Hai Phong Rest Day

Today was a spare day, to determine ferry options to Cat Ba and explore, but I got a dose of “doozy guts” and homesickness. Buying breakfast from the supermarket across the road was about treating myself to a little “home” to top up my heart but, when I could find Aussie milk but no western-style breakfast cereal, my spirits sank like I’d dropped my iPhone and broken it. (Which I did the other day, still works, though, just shattered glass, no biggy, it’ll get me home.) I settled for a choc weeton style of biscuit instead.
A walk around the markets near the river was the cure for the blues, and straight up there was proof that the Vietnamese love their pets as much as we do, a com meo, or cat shop and veterinary clinic.
Another pick-me-up was a big bowl of pho and a mug of bia hoi, the proper stuff this time, not just a stubbie of Bia Ha Noi.
And the generosity of a military officer allowing me a little “fantasia”. There’d be no lactic acid in the legs on this monster. A big, 2 cyclinder boxer engine, probably an old BMW but no badging.
Continuing our walk about town, we discovered that even railways lines are streets. People live, work and get about on the rail reserve.
From here I made my way back to the hotel and nursed my upset stomach. A short explore of the ferry facilities made us decide to store the bikes and some gear at the hotel, then walk and boat to the resort with minimal gear.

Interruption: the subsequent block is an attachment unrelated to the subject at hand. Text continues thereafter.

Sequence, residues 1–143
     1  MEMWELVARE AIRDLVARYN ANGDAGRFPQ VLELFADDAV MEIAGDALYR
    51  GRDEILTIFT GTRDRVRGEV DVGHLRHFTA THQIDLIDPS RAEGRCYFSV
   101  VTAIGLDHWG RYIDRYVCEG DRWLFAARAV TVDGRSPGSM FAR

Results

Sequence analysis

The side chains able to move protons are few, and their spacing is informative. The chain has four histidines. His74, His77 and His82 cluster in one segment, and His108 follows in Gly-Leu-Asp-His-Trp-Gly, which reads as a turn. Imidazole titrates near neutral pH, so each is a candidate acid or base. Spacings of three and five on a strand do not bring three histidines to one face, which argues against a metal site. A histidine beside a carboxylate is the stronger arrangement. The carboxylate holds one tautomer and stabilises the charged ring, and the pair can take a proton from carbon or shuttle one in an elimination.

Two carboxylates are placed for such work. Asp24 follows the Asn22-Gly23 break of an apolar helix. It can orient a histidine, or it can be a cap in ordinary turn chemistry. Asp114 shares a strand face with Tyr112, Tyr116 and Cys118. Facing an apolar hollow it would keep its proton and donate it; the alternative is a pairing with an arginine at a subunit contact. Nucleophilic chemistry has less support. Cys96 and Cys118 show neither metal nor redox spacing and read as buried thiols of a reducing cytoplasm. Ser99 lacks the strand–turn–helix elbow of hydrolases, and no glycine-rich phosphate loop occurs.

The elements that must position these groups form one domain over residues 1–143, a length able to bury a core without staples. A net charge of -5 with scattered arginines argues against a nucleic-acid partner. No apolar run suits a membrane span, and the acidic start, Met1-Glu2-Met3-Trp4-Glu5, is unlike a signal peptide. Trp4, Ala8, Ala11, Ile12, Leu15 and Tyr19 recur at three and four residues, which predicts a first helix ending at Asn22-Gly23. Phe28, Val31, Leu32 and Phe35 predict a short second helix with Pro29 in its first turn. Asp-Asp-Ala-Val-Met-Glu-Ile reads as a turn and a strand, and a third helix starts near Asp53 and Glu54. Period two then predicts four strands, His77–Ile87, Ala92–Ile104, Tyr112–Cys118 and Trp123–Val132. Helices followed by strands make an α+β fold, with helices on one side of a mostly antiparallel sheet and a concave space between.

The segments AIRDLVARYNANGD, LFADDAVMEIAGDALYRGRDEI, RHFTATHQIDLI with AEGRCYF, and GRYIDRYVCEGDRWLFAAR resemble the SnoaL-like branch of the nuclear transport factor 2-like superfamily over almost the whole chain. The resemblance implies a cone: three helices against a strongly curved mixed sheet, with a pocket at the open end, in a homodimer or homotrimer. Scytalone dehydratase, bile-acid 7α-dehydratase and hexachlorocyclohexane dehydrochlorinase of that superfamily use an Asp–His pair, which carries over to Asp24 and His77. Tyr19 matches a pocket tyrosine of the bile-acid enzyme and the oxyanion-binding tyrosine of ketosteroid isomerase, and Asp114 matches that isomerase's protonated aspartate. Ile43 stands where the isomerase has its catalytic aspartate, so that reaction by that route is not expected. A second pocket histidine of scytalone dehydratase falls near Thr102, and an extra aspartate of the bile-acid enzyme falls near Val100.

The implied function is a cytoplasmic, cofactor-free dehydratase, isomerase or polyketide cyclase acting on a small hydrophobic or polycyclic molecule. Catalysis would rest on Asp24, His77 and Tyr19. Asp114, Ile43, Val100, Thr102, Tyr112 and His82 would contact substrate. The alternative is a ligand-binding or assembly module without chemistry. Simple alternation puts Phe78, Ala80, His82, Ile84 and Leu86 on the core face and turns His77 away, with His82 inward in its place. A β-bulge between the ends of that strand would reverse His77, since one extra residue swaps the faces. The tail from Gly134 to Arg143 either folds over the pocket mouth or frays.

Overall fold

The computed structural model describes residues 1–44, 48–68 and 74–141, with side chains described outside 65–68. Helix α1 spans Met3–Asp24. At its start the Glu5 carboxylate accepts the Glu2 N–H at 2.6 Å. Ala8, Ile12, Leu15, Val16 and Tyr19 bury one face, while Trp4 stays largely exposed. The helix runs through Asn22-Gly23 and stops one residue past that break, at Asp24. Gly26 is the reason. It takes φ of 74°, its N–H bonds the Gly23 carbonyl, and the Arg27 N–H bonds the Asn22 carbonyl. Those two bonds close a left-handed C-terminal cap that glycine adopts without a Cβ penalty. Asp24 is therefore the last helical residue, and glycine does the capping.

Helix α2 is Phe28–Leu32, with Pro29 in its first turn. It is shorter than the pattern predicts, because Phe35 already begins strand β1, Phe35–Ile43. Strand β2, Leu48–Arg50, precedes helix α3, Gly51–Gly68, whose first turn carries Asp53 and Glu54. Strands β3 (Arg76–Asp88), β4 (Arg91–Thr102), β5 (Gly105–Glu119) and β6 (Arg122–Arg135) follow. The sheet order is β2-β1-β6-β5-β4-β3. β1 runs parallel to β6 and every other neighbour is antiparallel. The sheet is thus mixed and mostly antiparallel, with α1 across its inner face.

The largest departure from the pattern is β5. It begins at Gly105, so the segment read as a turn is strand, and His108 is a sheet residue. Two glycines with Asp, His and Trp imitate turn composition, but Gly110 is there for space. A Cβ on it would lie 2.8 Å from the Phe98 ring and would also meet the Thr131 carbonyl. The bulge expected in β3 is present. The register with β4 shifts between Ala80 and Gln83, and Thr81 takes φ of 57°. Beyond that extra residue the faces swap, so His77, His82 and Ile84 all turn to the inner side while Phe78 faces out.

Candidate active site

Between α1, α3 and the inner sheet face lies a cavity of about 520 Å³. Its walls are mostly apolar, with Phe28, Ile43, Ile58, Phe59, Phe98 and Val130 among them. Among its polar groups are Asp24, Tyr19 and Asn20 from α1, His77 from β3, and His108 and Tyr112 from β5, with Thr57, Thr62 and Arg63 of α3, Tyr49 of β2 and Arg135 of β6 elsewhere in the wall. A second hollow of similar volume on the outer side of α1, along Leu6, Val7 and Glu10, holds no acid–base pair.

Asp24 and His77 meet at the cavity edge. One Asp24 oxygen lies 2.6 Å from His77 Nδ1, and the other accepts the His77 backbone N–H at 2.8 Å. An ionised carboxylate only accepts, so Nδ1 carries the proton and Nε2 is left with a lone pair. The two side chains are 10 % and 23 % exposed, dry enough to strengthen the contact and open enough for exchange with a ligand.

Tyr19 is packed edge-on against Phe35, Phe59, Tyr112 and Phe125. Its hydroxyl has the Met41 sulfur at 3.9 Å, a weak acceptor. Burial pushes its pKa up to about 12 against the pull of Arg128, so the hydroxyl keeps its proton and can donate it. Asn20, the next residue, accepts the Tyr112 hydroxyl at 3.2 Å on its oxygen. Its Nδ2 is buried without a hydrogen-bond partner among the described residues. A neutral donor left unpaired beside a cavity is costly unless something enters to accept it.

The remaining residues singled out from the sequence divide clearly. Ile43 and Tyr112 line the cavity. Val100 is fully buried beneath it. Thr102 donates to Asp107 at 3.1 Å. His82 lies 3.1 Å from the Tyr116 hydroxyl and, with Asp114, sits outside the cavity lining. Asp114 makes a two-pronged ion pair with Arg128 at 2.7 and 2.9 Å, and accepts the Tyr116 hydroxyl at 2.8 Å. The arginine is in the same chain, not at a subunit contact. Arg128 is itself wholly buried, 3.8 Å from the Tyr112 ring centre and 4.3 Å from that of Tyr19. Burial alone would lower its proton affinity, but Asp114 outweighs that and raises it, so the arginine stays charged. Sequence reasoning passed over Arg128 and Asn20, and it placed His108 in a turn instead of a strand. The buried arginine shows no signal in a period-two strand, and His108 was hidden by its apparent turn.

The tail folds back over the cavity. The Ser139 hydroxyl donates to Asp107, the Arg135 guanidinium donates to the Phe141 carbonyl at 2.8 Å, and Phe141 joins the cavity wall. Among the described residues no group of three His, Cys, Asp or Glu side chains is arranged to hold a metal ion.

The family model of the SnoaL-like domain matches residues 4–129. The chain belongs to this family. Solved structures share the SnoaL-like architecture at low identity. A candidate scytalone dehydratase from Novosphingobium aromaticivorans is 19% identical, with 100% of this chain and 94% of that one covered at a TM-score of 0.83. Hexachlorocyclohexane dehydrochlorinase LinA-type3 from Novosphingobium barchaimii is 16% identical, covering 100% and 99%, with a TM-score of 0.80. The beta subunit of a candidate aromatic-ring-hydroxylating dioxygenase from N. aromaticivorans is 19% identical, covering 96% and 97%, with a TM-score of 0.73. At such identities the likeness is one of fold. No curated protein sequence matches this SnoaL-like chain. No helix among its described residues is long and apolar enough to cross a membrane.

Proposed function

Riding Day 2 – Hai Phong

After a breakfast of eggs in bread rolls (I had a tomato in mine as well), made from our buyings at the market the night before, we checked out of the Chi Linh Hotel and set off. We decided last night to leave the QL 18 in hope of finding a better riding road and set off on the QL37. While the scenery did improve markedly, the traffic didn’t. The noise begins to wear you down after a while.
Paul stopped to buy coffee beans and I kept plugging on across the Kinh Thay River, past paddy fields and duck ponds. This is the Vietnam we’d been hoping to find.
On the other hand, the thing many westerners find confronting, thit cho (dog stew) and meo (cat), is also prevalent in the countryside. We should be more forgiving of this if we are to continue to eat lamb or suckling pig, I feel, or shut up and go vegetarian. Animals are food or they’re not, you shouldn’t really complain about some being eaten if you’re going to eat others.
Of course, the traffic made its continued presence felt. In particular, after catching me up from buying coffee, Paul asked if I’d seen the pool of blood on the road. Thankfully I hadn’t, as there were skid marks leading up to it. Sobering.